Throughout the war, he was singing in shows for the Council for the Encouragement of Music and the Arts (CEMA) and ENSA, entertaining the
troops, under the direction of Walter Legge and performing with artists including Maggie Teyte, Joyce Grenfell and many others. After 18
months, he left the police to concentrate on performing, and, in all, he sang in over 500 concerts during the war.
In the latter years of the war and when hostilities ceased, Edgar toured the main theatres in the UK and Europe, singing with the
'Anglo-Russian Merry Go Round Company' performing in a number of cities, including Paris.
For a while, he was in Bernard Delfont's production of Gay Rosalinda at the Palace Theatre, in London, under the musical direction of
Richard Tauber. He later worked for Delfont again in a show in Ryde, on the Isle of Wight.
A chance meeting with Henry Robinson, formerly stage manager at Sadler's Wells, resulted in Evans applying for an audition with the newly
formed Covent Garden Opera Company. Singing 'E lucevan le stelle' from Tosca and the 'Flower song' from Carmen, he was chosen from scores
of tenor hopefuls from around the world and progressed successfully through three auditions to receive the offer of a contract from the
Administrator, David Webster, in the middle of August 1946.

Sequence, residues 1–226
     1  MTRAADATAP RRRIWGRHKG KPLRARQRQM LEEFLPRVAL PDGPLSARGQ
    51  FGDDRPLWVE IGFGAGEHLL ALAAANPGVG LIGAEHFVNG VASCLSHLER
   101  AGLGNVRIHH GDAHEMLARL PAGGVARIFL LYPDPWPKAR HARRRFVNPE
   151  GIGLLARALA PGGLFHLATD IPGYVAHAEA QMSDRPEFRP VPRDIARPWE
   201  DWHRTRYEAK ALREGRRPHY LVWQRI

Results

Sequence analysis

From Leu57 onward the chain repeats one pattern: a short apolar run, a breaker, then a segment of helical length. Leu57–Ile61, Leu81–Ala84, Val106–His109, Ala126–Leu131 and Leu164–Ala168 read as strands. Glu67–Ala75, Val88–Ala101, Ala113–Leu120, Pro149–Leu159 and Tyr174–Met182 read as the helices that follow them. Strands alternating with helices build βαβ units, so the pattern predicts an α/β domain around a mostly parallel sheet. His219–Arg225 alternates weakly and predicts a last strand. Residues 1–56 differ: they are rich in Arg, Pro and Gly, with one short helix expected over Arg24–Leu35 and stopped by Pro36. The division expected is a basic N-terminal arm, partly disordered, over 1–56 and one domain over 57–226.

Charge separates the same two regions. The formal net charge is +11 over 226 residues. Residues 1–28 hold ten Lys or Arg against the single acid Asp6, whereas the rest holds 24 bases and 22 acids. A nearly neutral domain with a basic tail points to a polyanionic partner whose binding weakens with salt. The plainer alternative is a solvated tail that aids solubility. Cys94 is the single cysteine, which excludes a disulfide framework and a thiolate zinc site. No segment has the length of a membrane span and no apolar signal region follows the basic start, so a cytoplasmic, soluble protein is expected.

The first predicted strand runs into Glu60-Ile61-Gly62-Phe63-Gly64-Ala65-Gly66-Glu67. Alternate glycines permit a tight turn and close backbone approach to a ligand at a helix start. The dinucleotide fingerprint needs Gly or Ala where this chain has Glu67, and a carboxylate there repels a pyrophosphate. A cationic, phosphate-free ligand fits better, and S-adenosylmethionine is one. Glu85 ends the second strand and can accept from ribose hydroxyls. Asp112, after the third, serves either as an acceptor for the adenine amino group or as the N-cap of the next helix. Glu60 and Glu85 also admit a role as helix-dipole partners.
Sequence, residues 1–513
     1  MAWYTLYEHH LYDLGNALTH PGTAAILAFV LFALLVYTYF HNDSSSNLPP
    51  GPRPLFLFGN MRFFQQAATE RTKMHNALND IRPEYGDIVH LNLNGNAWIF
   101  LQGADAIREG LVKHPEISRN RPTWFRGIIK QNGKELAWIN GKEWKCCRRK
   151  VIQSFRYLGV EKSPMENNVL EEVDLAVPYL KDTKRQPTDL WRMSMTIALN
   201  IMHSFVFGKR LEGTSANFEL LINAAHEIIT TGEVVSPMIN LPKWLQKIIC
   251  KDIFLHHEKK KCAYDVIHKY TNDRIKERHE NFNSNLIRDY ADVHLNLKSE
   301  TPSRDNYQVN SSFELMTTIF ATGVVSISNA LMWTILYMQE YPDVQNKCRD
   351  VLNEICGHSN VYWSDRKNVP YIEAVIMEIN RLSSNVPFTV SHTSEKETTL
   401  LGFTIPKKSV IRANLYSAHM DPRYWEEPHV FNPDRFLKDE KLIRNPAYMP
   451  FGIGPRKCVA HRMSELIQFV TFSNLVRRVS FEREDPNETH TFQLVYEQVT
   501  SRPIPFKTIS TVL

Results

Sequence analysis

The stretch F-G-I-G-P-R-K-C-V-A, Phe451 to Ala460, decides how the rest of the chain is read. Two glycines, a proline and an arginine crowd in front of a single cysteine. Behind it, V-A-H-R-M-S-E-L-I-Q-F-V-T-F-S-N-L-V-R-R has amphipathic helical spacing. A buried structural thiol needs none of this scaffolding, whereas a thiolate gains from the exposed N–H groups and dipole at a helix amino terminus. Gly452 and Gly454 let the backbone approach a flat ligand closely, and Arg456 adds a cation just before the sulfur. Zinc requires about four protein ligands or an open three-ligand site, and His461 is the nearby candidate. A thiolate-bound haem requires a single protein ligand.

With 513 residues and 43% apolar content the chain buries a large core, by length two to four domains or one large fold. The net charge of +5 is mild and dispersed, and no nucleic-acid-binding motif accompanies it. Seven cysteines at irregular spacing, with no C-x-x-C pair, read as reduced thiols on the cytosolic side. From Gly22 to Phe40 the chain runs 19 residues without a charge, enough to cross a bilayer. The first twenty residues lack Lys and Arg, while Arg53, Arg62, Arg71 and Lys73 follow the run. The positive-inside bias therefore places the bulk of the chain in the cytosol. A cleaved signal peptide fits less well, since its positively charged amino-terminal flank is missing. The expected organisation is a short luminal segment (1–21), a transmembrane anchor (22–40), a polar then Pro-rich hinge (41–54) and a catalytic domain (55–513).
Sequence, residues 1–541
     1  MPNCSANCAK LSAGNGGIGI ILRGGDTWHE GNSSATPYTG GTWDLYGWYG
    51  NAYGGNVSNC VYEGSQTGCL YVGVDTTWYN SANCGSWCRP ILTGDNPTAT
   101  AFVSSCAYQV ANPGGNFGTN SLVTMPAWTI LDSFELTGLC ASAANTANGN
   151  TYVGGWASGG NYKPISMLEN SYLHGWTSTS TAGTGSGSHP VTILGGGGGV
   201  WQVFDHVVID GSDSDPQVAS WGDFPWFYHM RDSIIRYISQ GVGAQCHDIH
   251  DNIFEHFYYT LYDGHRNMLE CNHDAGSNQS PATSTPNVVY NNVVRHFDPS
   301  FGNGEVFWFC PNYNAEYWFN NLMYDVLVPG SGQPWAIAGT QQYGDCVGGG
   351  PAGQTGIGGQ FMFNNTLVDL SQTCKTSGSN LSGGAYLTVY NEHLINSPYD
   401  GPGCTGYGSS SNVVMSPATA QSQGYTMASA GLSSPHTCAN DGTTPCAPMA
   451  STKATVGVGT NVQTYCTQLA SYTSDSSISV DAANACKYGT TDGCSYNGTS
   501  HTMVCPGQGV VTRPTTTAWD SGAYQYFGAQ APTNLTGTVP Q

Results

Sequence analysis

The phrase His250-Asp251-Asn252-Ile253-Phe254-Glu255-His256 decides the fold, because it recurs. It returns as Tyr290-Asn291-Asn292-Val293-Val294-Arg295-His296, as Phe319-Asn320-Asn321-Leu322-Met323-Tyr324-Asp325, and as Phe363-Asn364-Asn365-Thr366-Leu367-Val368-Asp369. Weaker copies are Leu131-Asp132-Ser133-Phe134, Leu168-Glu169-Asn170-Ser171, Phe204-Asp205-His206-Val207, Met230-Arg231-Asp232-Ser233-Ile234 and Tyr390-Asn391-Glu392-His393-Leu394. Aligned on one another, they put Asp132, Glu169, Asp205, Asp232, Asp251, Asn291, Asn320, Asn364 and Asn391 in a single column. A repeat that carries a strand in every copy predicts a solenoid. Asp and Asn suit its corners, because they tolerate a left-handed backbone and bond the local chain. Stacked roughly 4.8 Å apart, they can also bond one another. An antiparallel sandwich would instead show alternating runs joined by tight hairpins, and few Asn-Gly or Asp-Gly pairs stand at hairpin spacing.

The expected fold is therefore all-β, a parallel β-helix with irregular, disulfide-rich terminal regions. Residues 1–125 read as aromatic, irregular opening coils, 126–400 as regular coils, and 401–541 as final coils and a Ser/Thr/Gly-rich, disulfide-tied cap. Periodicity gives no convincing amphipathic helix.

His first roles were as the Bird God and Lover in Purcell's Faerie queene in a cast that included Michael Hordern, Constance Shacklock,
Margot Fonteyn and Moira Shearer. He made his Covent Garden debut, deputising for Heddle Nash, HT: Surely an improvement. as 'des Grieux' in Manon, under the direction of Reginald Goodall.
He became one of the first British singers to sing in opera abroad after the war when Erich Kleiber took him to sing in Wagner's Ring in
Rome, with the Rome Opera. Later, he was the tenor soloist in Beethoven's Choral Symphony when Kleiber conducted the work at Covent Garden
at a concert to help establish an artists' pension fund.
Within three weeks of returning from Ricci in Rome, the higher part of his vocal range now completely secure, Evans sang Calaf in Turandot
under the baton of Sir John Barbirolli. He regularly demonstrated his remarkable strength of voice by singing several major roles
including Pinkerton (in Madama Butterfly), Don José (Carmen), Max (Der Freischütz) and Peter Grimes in the same week.
Eventually the stress of this punishing schedule caught up with him and he was forced to rest for 20 weeks. After this he never resumed